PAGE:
Overseas landlords – summary of the non-resident landlord scheme for agents

If you are an agent letting a property to a non-resident landlord, you need to see this announcement.

A new manual can be seen here, and says:

A letting agent is generally a person who:

  • has a ‘usual place of abode’ in the UK, and
  • acts for a non-resident landlord (NRL) in the running of their UK rental business, and
  • has the power to receive income of the non-resident landlord’s rental business, or has control over the direction of that income.

A ‘letting agent’ for the purposes of the scheme does not need to be an estate agent or other property management business. A ‘letting agent’ could be a professional representative like an accountant or solicitor, or a private individual like a relative or friend; the letting agent is someone who acts for the non-resident landlord as above.

Letting agents’ obligations

Letting agents who have to operate the Non-resident Landlords Scheme must:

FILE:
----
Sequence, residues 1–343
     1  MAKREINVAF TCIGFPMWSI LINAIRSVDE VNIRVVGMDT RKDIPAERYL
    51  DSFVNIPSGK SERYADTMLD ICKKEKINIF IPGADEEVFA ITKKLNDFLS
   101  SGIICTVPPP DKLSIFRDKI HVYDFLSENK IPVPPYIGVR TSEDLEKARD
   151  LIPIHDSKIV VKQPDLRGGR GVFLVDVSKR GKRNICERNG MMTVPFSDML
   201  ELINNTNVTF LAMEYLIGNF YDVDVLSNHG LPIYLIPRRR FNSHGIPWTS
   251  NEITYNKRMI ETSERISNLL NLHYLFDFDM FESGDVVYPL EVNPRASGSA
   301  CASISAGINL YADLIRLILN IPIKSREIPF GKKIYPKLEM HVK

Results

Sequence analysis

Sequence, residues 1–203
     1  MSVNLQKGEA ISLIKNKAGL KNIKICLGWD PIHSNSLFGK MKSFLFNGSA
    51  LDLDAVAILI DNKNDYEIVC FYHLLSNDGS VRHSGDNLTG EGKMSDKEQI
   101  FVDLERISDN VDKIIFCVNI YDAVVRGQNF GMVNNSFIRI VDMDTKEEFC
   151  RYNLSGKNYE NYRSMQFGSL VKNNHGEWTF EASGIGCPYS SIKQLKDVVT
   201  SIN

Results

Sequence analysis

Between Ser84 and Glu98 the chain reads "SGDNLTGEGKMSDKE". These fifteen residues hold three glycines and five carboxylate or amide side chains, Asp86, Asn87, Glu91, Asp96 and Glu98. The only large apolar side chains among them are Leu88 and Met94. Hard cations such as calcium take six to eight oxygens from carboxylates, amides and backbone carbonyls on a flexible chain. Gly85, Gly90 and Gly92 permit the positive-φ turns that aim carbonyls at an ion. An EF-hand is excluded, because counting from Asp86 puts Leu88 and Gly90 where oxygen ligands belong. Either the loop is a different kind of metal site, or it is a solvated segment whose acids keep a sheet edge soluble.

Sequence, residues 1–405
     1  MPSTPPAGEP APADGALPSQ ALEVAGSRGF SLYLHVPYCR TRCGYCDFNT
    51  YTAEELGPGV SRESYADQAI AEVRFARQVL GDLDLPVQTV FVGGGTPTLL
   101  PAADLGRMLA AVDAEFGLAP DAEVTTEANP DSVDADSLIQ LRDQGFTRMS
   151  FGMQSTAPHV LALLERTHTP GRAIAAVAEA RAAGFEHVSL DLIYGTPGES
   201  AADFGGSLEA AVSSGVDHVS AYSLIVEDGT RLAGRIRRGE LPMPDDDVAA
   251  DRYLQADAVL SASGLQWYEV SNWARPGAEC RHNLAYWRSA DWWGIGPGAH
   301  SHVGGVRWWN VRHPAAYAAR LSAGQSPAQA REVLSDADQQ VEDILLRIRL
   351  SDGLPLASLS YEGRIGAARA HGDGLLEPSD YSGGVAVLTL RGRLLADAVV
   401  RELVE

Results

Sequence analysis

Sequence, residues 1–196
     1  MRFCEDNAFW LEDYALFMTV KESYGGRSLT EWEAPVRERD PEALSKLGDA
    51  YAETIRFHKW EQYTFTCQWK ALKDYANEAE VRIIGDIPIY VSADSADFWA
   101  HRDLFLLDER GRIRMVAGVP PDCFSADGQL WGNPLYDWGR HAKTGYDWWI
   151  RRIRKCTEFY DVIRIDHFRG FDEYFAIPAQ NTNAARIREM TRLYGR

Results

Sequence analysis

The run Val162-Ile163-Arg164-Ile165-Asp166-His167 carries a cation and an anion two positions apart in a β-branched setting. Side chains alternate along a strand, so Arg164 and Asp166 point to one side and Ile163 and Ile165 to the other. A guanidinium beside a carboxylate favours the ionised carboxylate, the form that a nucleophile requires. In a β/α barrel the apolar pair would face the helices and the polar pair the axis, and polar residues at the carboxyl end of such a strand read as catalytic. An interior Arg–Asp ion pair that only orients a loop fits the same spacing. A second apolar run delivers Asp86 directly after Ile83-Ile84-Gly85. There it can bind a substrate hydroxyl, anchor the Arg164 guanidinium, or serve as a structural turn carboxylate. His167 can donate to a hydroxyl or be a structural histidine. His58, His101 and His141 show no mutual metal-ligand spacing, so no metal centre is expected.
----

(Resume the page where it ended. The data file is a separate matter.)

• register with HMRC
  • account quarterly for any tax to HMRC
  • complete an annual information return, where they are required to account for tax, provide their non-resident landlords with a certificate of tax liability each year, and
  • keep sufficient records to show that they have complied with the requirements of the Scheme.

Letting agents have the right to deduct any tax they have to pay under the Scheme from their rent, or from any other money owing to the non-resident landlord. They also have the right to recover from the landlord any tax they have to pay under the Scheme where they did not deduct it from their rent or other money owing.

Before calculating the tax due the letting agent may deduct certain expenses, such as letting agent fees, cost of advertising for new tenants, gardening, etc. (See under the heading “Deductible expenses” in the online NRLS guidance, in the document: “What the non-resident landlord scheme is”).



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